Boy and Girl
Have you ever wondered what you could do with crayons other than draw or eat them? Artist Diem Chau crafts detailed sculptures on them.
A Vietnam native, Diem Chau's work delves into storytelling, myths, and its ability to connect people with each other through cultural and humanistic similarities.
Girl and Dog
These crayon sculptures take about 3-4 hours to complete. I asked Diem where she came up with the idea for this: "The crayons came from doing research into Depression Era folk art. People had to make due with whatever they had and nothing was wasted... creativity is being able to flourish within limits. I think a lot of great folk art came from that era. The work that stuck in my mind is "Hobo" art... people who traveled to find work would often make things to sell or barter... lots of widdling... walking sticks, carved pits... "Hobo Nickels"... portraits, quilts... you name it! I like the tenacity that the work and the people offered. "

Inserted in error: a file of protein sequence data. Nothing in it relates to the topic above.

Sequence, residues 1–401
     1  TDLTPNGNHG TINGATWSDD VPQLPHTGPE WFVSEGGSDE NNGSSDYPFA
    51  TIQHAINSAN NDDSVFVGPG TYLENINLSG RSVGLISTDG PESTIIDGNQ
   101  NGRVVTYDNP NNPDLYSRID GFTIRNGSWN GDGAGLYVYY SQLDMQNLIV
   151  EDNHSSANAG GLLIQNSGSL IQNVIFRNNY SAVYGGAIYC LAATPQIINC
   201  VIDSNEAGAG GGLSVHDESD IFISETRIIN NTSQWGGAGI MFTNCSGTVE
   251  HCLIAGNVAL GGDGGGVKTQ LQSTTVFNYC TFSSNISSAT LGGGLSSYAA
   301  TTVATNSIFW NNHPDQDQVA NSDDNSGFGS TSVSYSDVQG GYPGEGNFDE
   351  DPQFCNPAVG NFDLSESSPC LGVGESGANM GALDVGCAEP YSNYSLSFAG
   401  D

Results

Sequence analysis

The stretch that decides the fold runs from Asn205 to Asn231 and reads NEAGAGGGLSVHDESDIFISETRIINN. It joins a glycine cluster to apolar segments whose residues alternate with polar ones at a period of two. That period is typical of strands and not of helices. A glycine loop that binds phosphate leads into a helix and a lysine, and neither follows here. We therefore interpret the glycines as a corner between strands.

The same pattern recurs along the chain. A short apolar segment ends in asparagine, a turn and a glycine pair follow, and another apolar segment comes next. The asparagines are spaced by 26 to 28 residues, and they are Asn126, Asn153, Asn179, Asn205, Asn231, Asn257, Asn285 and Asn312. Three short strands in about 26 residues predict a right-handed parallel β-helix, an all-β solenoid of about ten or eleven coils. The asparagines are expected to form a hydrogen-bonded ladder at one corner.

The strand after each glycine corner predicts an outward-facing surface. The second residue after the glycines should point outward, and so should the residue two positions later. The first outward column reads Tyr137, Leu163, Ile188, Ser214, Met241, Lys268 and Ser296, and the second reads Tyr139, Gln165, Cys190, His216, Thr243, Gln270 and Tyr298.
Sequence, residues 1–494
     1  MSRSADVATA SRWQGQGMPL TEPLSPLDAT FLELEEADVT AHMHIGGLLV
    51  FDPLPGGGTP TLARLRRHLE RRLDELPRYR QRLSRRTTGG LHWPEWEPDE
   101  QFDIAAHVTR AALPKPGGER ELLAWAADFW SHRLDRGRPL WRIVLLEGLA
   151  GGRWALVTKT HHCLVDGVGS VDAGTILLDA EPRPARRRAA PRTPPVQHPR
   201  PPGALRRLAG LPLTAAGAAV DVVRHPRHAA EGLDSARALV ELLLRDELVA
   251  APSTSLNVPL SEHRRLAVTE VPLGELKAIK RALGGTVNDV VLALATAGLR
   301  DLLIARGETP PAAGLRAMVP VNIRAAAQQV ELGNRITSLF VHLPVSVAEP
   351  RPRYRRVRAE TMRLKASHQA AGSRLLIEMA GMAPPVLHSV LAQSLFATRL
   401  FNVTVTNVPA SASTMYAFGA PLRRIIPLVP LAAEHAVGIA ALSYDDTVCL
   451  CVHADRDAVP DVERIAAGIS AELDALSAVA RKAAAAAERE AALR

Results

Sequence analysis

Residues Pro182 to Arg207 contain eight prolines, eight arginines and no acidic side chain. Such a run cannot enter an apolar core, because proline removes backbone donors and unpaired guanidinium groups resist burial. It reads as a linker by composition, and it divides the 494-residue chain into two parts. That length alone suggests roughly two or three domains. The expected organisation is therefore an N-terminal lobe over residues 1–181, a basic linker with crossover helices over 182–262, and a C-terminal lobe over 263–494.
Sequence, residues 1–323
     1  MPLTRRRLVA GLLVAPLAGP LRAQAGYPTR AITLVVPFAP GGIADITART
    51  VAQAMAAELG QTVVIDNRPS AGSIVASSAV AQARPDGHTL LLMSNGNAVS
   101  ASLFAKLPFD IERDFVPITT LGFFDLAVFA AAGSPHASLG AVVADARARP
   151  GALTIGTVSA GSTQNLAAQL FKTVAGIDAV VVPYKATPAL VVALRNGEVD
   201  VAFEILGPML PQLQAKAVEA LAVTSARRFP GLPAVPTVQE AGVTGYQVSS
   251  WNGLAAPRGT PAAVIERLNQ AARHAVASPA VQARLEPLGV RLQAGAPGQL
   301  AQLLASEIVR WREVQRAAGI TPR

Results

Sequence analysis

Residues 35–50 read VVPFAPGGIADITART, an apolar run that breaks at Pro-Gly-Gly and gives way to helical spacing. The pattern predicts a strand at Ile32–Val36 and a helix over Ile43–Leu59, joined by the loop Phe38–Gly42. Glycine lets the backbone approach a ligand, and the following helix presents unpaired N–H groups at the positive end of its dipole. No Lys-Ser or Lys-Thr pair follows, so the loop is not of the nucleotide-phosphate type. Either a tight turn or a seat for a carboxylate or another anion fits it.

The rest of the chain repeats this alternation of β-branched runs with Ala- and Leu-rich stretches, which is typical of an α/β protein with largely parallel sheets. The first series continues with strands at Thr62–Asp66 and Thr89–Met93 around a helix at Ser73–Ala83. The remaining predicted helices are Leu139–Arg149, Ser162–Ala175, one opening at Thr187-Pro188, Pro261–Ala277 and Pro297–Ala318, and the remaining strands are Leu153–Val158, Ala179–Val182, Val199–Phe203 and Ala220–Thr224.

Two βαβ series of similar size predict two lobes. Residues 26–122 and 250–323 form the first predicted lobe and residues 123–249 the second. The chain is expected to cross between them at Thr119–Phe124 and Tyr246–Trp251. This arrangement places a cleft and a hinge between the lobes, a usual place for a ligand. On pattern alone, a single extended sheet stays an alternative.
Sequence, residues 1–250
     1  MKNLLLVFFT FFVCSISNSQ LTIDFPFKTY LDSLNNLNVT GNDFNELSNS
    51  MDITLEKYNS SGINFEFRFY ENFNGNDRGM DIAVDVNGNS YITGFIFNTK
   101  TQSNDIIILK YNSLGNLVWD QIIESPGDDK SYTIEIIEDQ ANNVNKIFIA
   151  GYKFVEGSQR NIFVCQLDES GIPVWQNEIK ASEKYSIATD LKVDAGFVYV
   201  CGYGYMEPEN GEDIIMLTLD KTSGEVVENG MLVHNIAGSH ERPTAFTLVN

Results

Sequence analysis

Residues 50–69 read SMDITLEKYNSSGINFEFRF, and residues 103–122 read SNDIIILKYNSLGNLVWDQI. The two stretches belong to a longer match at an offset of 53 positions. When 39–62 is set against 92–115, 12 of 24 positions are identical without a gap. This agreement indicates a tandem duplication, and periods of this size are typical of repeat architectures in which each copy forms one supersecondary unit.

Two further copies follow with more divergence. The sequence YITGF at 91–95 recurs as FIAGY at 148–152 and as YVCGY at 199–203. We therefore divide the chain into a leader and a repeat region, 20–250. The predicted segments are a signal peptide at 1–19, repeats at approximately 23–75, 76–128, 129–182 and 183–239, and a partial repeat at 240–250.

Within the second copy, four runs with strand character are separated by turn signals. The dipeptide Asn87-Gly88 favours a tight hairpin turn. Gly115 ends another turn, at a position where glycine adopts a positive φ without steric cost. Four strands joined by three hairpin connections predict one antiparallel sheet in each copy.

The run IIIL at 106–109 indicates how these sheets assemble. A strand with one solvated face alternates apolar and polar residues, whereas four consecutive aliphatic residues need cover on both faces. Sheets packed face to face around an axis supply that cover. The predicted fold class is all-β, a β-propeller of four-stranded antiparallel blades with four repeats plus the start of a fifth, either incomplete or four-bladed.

Girl and Boy
As for where she came up with using crayons: "It's a big long story on how I got into the crayons... to make it short... money has always been tight. I found it REALLY HARD to be creative with expensive materials. All I could think about was how much it was costing me or how I would pay for it. So I went back to what I knew before art school (heck before school p.e.r.i.o.d.)... simplicity & play... I carved on a lot of things... the crayons stuck :) It ended up being that way because they are such powerful objects. Everyone has one and remembers them... they're beautiful, colorful... when carved they produce a very nice luster... they're happy. The do remind me a lot of childhood, for better or for worse. They're cheerful, but also incredibly fragile and once broken can never be mended. Sometimes I think the accidental breaking of a crayon sculpture becomes an integral part its meaning."
Storytelling Crayons installation view
Diem Chau also creates custom work. Crayon commissions are available on request.
Boy in Blue
Her artwork brings back childhood memories for me. What about you?
Many thanks to: Diem Chau